The evolution of landscapes and seascapes in time is the result of the constant interaction between flows and topography. Flows change topography, which in turn change the flow. This feedback causes evolution processes to be highly non-linear and complex. When full analytical derivations of the co-evolution of topography and flow are not possible without oversimplifications, as is the case in river bends, recent large topographical datasets and modern computers allow for correlations between horizontal (planview) and cross-sectional geometry of channels. Numerical analysis in the Mississippi and Trinity rivers indicate that the type of correlation between river radius of curvature and bankfull channel width depends on the migration behavior of the river. In other cases, channel topography may only have a second-order effect on its own evolution, as is the case for fully depositional turbidity currents, and the evolution of æolian field topography may only be a function of this topography. I show that in these situations, changes in topography may be decoupled from details of the flow field and modeled very easily with a good accuracy.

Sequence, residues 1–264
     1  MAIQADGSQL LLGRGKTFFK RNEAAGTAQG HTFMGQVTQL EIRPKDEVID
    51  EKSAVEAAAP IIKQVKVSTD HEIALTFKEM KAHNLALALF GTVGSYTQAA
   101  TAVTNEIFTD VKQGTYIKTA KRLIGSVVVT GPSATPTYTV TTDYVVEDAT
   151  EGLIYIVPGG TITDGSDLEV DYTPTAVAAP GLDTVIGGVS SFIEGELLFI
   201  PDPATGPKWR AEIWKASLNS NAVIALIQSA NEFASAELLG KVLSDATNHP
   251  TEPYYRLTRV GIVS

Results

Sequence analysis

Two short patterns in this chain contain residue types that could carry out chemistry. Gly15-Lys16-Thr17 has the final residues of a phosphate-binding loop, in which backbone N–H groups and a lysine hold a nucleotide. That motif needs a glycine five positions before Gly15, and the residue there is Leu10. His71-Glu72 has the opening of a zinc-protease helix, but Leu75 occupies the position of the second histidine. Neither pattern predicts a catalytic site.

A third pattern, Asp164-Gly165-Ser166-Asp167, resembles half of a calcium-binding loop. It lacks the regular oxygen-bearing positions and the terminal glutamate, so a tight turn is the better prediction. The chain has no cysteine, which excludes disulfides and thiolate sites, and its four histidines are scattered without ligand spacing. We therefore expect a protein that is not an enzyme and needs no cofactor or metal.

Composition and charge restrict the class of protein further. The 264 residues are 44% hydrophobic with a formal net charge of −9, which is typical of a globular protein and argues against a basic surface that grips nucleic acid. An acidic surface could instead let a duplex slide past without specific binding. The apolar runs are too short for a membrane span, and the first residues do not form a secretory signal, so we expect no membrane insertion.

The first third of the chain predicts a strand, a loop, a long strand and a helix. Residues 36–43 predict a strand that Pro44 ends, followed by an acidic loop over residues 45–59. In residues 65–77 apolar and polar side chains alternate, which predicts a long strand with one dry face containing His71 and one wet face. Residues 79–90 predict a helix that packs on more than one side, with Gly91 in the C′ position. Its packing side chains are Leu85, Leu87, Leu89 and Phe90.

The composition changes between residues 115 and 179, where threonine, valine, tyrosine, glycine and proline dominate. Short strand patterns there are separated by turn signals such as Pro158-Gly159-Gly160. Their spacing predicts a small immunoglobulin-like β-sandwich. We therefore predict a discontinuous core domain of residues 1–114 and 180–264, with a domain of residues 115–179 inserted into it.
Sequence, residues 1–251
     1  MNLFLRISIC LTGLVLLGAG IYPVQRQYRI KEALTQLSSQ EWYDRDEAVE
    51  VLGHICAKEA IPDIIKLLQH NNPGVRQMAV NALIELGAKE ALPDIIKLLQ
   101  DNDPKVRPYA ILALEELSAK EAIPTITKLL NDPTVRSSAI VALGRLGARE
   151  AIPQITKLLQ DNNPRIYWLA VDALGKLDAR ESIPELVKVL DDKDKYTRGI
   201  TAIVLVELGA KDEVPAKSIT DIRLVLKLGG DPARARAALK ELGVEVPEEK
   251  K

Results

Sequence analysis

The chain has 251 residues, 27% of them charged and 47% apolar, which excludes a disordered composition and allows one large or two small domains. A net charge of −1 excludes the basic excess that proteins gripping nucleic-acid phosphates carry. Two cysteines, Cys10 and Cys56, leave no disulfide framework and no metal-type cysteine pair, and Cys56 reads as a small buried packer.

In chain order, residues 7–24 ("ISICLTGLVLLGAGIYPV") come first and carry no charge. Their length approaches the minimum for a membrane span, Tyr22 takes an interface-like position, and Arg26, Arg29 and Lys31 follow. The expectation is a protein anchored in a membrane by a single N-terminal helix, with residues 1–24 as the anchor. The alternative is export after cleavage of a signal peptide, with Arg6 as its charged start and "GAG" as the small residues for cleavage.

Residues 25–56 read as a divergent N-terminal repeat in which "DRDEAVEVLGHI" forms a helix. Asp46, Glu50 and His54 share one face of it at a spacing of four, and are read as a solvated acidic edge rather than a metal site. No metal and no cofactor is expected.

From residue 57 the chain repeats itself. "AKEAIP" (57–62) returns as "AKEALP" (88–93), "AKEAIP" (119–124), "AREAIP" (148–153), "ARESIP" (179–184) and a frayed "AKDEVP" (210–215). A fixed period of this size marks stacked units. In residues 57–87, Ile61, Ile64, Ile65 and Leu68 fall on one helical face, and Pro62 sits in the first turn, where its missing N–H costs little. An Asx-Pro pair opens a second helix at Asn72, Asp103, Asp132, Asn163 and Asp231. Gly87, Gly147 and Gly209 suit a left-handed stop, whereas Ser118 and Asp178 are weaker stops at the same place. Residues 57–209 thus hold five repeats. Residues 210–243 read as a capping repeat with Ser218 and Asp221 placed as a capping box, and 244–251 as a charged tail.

|School:||The University of Texas at Austin|
|School Location:||United States -- Texas|
|Source:||DAI-B 74/02(E), Dissertation Abstracts International|
|Subjects:||Applied Mathematics, Geology, Geomorphology|
|Keywords:||Bedforms, River channels, Sand dunes, Turbidites|
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